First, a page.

We sat in the porch, mesmerized by the schist terraces built by generations of workers to create the perfect environment for the exuberant vines. It was here that we learned our first lesson: that the greatest beauty is created by man in harmony with nature.

Our second lesson, was about the importance of generosity. David Guimaraens, the head winemaker of Taylor’s Fladgate, Fonseca and Croft has an hectic schedule. But he takes time to share the magic of Vargellas with his guests. He explained to us the uniqueness of the terroir and described the vines as if they were his children. We drank his words and saw the brilliance of the vineyards through his eyes, green like the Douro river.

The grapes from the quinta are used to make the famed Quinta de Vargellas Vintage and form the base of the great Taylor Vintage Ports. We walked down to the cellar to sample the port made in 2018, which is still full of vigor but promises to age gracefully.

David discussed some of the intricacies of port-wine making and told us about the new vines he is planting so that his children can continue to produce great ports.  It takes 10 years for new vines to produce usable grapes. Between ages 10 and 20, the vines are adolescents, they have some good years but are moody and inconsistent. From ages 20 to 40, they mature and acquire consistency. From ages 40 to 60, the yields are low but the quality is great. Beyond 60 years, production dwindles but the few grapes that grow are drenched with wisdom.

A lifetime is too short to plant the vines and gather the knowledge required to produce great port. And so, we learned our third lesson: life is a relay race. We have to learn  from our ancestors and add to that learning to sow the seeds of the future.

It was hard to leave Quinta de Vargellas. But the memories of our visit stay with us. And from now on, every sip of the quinta’s holly wines will take us back to this paradise in the Douro valley.

Click here to see the Quinta de Vargellas web page.

A glass of Jampal wine?

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André Manz, a Brazilian soccer player turned entrepreneur, was searching for a place to build offices on the outskirts of Lisbon. He liked a small village near Mafra called Cheleiros. There, he bought the Orchard of the Holy Spirit (Pomar do Espírito Santo), named for its proximity to the Holy Spirit chapel. His wife Margarida fell in love with the orchard and convinced André to use it to build their home and locate the offices elsewhere.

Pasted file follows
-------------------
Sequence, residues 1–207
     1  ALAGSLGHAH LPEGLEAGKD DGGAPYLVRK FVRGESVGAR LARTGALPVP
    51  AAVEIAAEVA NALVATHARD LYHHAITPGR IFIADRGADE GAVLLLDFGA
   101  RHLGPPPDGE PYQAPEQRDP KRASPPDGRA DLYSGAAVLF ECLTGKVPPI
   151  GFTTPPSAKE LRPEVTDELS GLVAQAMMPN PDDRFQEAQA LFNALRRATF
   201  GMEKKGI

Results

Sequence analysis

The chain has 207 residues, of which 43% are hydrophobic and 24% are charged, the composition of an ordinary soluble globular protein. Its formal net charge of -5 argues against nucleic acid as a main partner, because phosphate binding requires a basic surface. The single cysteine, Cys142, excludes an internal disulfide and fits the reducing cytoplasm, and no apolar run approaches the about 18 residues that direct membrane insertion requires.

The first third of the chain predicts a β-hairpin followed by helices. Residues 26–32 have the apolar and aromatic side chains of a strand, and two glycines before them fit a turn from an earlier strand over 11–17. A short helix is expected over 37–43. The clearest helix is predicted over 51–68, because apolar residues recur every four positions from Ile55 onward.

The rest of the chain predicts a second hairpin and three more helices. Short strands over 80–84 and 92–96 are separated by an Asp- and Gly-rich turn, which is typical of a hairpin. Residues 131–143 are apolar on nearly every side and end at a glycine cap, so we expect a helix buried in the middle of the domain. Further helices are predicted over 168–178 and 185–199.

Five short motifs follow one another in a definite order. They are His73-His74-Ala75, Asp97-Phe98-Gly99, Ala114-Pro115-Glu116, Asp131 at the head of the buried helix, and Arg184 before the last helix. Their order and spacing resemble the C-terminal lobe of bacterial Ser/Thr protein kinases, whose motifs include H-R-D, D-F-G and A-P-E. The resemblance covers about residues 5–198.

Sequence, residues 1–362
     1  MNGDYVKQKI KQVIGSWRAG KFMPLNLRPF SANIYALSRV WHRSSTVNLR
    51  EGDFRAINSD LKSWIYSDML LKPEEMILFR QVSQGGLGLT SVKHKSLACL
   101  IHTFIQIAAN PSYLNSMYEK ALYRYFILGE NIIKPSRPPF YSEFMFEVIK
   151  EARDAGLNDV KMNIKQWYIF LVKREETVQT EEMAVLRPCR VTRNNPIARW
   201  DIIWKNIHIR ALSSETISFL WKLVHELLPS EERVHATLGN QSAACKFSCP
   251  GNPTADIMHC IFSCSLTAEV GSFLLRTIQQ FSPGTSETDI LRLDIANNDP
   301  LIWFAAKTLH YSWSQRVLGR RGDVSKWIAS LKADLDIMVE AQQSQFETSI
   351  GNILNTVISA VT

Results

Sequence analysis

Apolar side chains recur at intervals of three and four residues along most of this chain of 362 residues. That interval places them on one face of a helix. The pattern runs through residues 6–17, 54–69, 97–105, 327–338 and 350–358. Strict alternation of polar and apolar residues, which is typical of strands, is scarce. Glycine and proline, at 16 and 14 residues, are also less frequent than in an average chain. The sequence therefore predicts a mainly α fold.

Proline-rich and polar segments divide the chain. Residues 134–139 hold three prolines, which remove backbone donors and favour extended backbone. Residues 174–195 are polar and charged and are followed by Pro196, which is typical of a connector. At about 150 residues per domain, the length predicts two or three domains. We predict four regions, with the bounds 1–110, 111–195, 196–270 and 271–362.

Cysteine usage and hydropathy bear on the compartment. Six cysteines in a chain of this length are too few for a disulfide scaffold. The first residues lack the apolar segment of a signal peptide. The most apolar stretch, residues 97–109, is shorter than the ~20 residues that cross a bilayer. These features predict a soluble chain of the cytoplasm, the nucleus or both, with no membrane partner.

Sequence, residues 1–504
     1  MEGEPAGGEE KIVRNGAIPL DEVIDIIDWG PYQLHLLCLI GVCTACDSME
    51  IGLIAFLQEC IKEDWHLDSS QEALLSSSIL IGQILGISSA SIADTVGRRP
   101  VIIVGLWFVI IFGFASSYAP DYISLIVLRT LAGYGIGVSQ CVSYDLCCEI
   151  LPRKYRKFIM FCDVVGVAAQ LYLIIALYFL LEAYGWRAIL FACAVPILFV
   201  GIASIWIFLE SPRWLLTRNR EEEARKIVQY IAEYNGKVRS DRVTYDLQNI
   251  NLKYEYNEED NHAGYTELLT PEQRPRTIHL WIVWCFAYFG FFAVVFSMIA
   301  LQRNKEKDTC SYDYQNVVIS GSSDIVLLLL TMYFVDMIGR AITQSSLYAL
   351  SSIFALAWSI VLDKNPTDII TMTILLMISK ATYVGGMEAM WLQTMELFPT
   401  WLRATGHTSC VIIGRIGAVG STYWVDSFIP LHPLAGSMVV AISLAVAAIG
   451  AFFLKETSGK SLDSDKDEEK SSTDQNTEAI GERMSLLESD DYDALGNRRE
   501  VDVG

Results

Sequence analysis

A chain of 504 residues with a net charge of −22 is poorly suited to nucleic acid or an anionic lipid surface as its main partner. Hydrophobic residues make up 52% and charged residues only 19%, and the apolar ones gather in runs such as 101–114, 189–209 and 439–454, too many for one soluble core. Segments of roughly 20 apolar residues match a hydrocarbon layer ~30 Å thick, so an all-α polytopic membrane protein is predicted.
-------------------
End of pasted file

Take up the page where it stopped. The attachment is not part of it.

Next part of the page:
When they moved to Cheleiros, an elderly lady called Dona Celeste told André that in the old days everybody in the village made their own wine. There were 43 wine presses in a village with only 800 people. André said that it would be cool to produce wine and Dona Celeste seized the opportunity to sell him her abandoned vineyard.

When enologists came to study the old vines, they concluded that the red grapes were “castelão” but they couldn’t identify the white grapes. André told Dona Celeste about their difficulties and she replied “Young people don’t know anything! Those grapes are jampal.” This is a grape varietal that was considered extinct. It produces small grapes so, in years gone by when quantity trumped quality, farmers replaced it with higher-yielding varietals. The wine institute sent technicians to certify that the grapes are indeed jampal and André became the world’s sole producer of jampal wine.

In the first few years, André bottled the wine in plain bottles. He gave a few to his friends and consumed the rest in his household. On the occasion of an important lunch, André decided to put some labels on the wine. He called it Dona Fátima, the name of his mother in law. When the bottles arrived at the table, Dona Fátima was delighted. “Why did you name the wine after me?” she asked André with curiosity. “Because of its acidity,” quipped André.

When Julia Harding and Jancis Robinson were working on their book, The World of Grapes, they contacted André to see if they could get a bottle of jampal wine. They liked it so much that they included it in their selection of the 50 best Portuguese wines.

Since then, it has become very hard to buy one of the 6,000 bottles of Dona Fátima produced every year.  If you see one in a wine store make sure you get it. If not, drive to the village of Cheleiros, to try one of the world’s most unique wines.

Click here for Manzwine’s web site.

 

Legendary moments at Quinta da Boavista

Quinta da Boa Vista Composit

Some quintas in the Douro valley experienced one legendary moment. But Quinta da Boavista experienced two. The first came in May 1809 when Joseph James Forrester rented the quinta to work on his masterpiece, a detailed map of the Douro river. This map quickly became an indispensable reference for port-wine makers. It also made Forrester one of the most important figures in the port-wine trade. Forrester fought for the production of high-quality wines that reflected the unique terroir of the Douro valley. As a recognition for his service, king Dom Pedro V made him a Baron.